Regular service has resumed after a derailment led to smoky conditions and confusion Wednesday morning on the MBTA's Red Line.
The last car of a six-car train derailed as it entered Andrew Station around 9:20 a.m., then "re-railed itself" before it stopped, according to MBTA spokesperson Joe Pesaturo.
Initially, the MBTA said it was a track problem, but then said it was a motor failure that led to the issue. In a press release Wednesday afternoon, the MBTA called the incident a derailment. Pesaturo later clarified all three things happened Wednesday morning.
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Crews found that about 300 feet of third rail was damaged as a result of the derailment during an assessment later Wednesday.
Officials are thoroughly inspecting the the track, the train's equipment and other components that are involved, Pesaturo said. The train involved in Wednesday's incident is out of service for the duration of the investigation.
No one was injured in the incident.
Commuters were warned of severe delays continuing into the evening as shuttle buses were used between the JFK/UMass and Broadway stations, and were urged to "consider an alternate transit mode."
Huge crowds were trying to board busses outside the Broadway T stop Wednesday evening, with many commuters frustrated.
"The busses are crowded. That is dangerous for all the people to get on the bus," said one passenger.
Complete train service resumed between the three stations just before 5:30 p.m. Wednesday.
"This is a serious incident and we want our customers to know that our top priority is to operate a safe system for our customers," MBTA General Manager Luis Manuel Ramirez said in a statement. "While we realize this is a significant inconvenience to our customers, the Red Line will remained closed between Broadway and JFK until it is safe to resume service. Until then, our team continues to assess the damage, and make necessary repairs, while working to identify the root cause."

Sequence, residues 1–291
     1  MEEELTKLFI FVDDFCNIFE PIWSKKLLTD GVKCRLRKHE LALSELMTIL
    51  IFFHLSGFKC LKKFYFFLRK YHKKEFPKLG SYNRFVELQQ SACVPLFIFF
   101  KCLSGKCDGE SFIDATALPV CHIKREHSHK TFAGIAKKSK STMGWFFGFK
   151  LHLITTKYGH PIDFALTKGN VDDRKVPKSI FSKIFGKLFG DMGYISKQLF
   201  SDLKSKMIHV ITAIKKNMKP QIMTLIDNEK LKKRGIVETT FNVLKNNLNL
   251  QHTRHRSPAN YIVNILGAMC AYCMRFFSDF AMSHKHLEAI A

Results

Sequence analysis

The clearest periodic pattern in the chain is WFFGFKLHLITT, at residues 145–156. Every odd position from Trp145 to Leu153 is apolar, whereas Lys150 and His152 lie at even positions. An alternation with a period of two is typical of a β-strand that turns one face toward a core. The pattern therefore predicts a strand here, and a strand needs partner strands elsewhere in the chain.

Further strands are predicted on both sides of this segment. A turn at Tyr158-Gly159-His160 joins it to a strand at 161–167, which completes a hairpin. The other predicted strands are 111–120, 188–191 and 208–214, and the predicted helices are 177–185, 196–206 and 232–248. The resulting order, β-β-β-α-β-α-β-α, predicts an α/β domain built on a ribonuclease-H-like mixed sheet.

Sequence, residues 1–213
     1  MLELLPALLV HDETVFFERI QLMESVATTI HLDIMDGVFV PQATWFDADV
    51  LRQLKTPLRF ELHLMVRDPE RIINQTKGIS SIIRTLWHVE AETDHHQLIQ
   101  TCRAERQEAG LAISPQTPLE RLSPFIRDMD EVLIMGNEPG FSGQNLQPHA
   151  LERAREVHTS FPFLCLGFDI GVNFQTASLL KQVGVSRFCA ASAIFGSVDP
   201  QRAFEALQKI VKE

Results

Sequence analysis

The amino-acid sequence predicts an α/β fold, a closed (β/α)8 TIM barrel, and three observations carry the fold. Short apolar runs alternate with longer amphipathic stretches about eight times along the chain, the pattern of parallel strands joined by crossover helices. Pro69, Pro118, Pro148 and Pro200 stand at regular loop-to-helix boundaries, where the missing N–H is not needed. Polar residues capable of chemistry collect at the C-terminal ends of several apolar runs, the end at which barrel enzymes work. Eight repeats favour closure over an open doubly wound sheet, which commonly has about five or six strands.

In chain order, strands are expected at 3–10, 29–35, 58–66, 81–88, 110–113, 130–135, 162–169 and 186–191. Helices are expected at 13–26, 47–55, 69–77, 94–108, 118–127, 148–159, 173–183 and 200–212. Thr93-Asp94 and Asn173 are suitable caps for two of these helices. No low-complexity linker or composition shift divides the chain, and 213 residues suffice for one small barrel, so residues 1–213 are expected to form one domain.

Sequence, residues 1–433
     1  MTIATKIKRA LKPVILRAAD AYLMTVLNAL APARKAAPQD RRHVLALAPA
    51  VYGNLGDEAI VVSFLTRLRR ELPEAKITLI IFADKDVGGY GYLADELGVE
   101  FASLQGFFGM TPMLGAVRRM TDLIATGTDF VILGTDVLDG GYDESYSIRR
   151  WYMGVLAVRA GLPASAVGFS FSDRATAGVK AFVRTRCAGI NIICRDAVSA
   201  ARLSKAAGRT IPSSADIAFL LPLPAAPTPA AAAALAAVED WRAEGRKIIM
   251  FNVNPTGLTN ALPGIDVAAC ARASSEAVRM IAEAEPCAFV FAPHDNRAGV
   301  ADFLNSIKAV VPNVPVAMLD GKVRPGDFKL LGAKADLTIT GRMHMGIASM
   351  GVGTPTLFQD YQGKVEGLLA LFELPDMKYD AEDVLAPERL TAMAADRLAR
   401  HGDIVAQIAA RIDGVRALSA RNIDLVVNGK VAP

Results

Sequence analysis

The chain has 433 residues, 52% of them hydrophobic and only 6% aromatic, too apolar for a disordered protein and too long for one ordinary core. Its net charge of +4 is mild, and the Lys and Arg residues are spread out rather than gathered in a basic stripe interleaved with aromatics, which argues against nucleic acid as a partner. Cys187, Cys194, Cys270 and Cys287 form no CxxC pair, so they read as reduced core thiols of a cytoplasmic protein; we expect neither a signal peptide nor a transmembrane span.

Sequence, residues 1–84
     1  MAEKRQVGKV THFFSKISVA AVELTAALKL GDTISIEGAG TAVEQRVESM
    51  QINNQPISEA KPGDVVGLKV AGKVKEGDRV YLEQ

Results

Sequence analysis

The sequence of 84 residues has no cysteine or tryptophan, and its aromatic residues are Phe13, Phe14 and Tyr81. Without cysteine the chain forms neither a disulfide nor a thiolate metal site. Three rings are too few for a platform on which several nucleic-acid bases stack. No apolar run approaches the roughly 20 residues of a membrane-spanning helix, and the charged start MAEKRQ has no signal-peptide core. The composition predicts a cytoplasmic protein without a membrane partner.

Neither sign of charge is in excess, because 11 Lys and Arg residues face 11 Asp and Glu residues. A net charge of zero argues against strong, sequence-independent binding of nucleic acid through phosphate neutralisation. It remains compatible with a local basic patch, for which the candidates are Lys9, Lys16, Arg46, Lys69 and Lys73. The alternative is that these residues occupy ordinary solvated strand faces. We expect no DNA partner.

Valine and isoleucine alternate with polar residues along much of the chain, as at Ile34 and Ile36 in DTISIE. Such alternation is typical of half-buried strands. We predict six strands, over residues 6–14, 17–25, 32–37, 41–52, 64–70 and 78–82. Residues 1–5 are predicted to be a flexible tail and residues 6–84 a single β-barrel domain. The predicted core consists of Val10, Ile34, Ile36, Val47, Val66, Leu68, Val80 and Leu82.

Photos and videos from commuters Wednesday morning show smoke filling the busy transit stop as passenger got off the train.
Another commuter said that the motor failure caused glass on the train to blow out.
Kyle Hemingway said the train "kept sort of bucking, and then it would sort of slam back down, come back up again, slam back down, and sparks would fly."
He said the ride then took a terrifying turn.
"Then the window across from me just started pulsing, like shards of glass would come out and burst," he recalled.
Commuters were also encouraged to use the MBTA's commuter rail lines as an alternate means of transportation, including Middleborough/Lakevill, Kingston/Plymouth and Greenbush, which is adding stops at JFK/UMass, Quincy Center and Braintree stations.
In a statement, a spokesperson said Gov. Charlie Baker is "grateful" for there being no injuries in Wednesday's incident.
"The governor appreciates the public's patience as the MBTA investigates this serious incident and completes necessary repairs so regular service can resume," the spokesperson said.